The print versions of Wyrdverse turned out all right for a first go with Indesign, I reckon.
Ten of the most hated books of classic literature. There really won’t be any surprises here—if you’re thinking of a book, it’s probably on here—but… still.
For the record, I’ve only read one of these books, and… yes. Yes it is, indeed, one of My Most Hated Books, for exactly the reasons described in the article.
Oh no. It’s That Time of the Year again, the time when… (looks around nervously) … things happen.
I formatted a book! Wyrdverse: Tales of the Wyrd is an anthology of short stories from the, well. Wyrdverse. These aren’t new—you may have previously read them on my website—they’re just now… collated better.
Wyrdverse is currently available super-cheap from Amazon, although if you’d like to snag yourself a free copy you can do so from the princely sum of your email address, by signing up to my book news mailing list.
Oh, and because the whole purpose of this exercise was to practice using Indesign, a print version of the book (in all its extensive, 80-page glory) should be available sometime in the next few weeks. So… keep an eye out for that.
Speaking of awesome books you should buy (or, rather, back) right now, Crossed Genres’ Resist Fascism speculative fiction anthology is in the final days of its Kickstarter. From the official description:
RESIST. ANY WAY YOU CAN.
The world is in turmoil. The world is always in turmoil, but in recent years, people have seen violence and hatred become proud instead of ashamed. What meager rights we’ve fought for are being deliberately eroded. And the vulnerable have any help stripped away. All of this is happening openly and without fear of reprisal. And the worst perpetrators are some of the largest governments of the world.
Resisting the spread of fascism is as important now as it was 75 years ago. And there are many effective ways to resist.
For full disclosure, friend-and-all-round-awesome-person Rivqa has a story in this anthology, and I have read it and it is boss. So if you, too, would like to read a boss story about found family and Jewish jujitsu IN SPACE, then you should go smash that pledge button, as the kids on teh YouTubes say.
Knit robots, build spaceships, and shape the future.
Extraordinary short stories about gender, artificial intelligence and the art of building something new. Mother of Invention features the work of Seanan McGuire, Ambelin Kwaymullina, Nisi Shawl, John Chu, Justina Robson and more.
Awesome? Yes. So what are you waiting for? Buy like a hundred copies and you’re set for presents to give out to all your friends, enemies, and loved ones at every birthday, anniversary, and culturally appropriate religious celebration for the indefinite future. Let’s all knit a softer, warmer robotic future together.
Finally… Thing #5.
Conflux! It’s coming, and I will be there. You can even come hear me blather on about narrative in the panel Play to write: what tabletop and video games can teach writers of fiction. And by “me” I mean “Rivqa and Elizabeth“, and by “blather” I mean “make interesting and intelligent points while trying to ignore their drooling co-panellist (i.e. me).”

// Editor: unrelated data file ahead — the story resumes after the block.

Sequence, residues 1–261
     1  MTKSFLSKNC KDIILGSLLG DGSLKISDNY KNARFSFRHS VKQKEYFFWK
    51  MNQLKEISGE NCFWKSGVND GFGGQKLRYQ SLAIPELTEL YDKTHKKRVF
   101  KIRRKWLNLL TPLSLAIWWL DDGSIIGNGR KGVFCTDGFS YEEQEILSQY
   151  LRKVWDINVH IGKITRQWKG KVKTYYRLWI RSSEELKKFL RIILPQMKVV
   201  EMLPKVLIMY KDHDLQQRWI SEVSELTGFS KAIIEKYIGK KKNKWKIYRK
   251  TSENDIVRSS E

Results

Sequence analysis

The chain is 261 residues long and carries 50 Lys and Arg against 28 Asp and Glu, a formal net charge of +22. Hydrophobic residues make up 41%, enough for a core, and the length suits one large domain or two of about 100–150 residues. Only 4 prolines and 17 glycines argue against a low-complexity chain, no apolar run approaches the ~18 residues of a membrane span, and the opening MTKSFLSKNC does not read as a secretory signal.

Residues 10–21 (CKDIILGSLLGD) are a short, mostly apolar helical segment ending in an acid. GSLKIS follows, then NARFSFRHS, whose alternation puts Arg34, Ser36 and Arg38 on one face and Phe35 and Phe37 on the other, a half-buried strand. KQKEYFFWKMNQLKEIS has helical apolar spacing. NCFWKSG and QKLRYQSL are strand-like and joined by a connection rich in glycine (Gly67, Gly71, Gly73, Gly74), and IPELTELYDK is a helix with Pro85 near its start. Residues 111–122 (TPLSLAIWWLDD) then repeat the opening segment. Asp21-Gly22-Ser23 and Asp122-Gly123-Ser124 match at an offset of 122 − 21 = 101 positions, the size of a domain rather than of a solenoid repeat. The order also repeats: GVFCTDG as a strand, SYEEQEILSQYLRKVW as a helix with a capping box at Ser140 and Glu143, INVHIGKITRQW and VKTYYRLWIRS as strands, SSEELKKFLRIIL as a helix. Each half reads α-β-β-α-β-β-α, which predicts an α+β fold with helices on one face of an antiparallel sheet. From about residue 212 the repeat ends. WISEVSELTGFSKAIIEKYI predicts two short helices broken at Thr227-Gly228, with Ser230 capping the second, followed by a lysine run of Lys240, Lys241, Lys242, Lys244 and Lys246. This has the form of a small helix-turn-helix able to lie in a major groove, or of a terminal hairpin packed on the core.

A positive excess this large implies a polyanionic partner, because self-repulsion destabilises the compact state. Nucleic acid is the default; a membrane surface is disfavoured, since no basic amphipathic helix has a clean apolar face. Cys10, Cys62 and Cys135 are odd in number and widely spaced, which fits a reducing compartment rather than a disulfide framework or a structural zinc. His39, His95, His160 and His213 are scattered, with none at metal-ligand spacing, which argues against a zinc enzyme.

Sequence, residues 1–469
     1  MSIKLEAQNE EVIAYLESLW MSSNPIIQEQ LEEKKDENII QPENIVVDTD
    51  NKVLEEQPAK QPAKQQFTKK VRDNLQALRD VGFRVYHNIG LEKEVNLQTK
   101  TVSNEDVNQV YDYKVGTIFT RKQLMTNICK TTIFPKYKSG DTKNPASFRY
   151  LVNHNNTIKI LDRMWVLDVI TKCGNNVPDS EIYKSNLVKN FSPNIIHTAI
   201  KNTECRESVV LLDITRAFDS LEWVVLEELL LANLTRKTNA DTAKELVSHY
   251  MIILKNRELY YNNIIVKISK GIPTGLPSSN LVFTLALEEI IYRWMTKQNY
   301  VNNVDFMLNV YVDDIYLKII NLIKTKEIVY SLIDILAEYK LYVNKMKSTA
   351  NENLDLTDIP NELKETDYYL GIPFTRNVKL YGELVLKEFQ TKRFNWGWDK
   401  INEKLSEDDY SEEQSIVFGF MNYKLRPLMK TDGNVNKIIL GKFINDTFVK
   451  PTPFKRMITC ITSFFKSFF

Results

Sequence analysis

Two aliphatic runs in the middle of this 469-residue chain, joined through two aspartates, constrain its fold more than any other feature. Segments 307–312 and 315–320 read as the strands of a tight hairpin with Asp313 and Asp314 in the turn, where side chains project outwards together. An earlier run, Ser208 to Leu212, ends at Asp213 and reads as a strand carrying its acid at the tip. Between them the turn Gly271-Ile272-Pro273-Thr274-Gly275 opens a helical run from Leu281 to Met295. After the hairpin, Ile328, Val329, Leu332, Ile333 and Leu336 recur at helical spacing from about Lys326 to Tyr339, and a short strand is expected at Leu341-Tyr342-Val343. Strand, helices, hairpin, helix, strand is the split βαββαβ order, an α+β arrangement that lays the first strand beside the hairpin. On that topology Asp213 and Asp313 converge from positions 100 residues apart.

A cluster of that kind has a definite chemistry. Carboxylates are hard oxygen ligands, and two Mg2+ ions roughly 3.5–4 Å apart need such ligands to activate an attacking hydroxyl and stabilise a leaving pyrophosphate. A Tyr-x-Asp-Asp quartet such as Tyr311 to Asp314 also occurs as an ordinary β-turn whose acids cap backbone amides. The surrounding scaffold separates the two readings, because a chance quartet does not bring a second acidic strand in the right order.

Sound great? Of course it does! See you there.
- … I know, I know. ^
You know how, like, sometimes you make a dumb joke on Twitter, aiming directly for Hot Take territory… and then you step back a moment and think, “Hold on…”
This is about one of those moments.
Oops, Jason had already tweeted it! https://t.co/wEgwbhQXcK
— Apex Magazine (@apexmag) August 21, 2018
He also notes that "Despite this, NONE of the year's best anthologies selected the story for their volumes. I don't think I've ever seen such a glaring oversight by all the major year's best editors."
I do think the story was picked up by @paulaguran. So…one out of eight?
— Apex Magazine (@apexmag) August 21, 2018
A couple of years ago, I was at an Author Event listening to a Big Name Editor talk. Let’s refer to the editor as “You”, just to be confusing.
So. You are a big name SFF editor, who publishes well-known, well-regarded annual collections of the “best of” variety. You have won multiple Hugo and World Fantasy awards, to name just a few. You are, for the most part, visibly a member of some, but not all, of the most privileged groups in society.
What I remember most about You speaking is the way You mentioned, quite offhandedly, that You never do blind or slush submissions for anthologies any more. You feel You don’t “need” to, because You have been in the scene for decades and You know it and are an identified tastemaker. Instead, when You’re putting together an anthology, You approach the authors You want to include. They rarely say no. I mean, why would they? You’re You, after all.
Like I said, this was just one little throwaway comment in a bigger, much longer and far-reaching conversation. Yet every time I think about things like diversity in SFF, or inclusion, or slates or cliques or whatever the Outrage Du Jour happens to be… I think of You, and Your comment. Because, here’s the thing. Those authors You include? The ones You choose to represent as the “best of” Your industry? These authors are, almost exclusively, already well-established big names. They’re also almost exclusively like You, demographically speaking.
Incidentally, I don’t read Your anthologies. After all, they’re always filled with the same handful of authors writing the same handful of stories. And they just aren’t my thing.
Funny, I guess. The way that goes.
Oops I accidentally a comic store…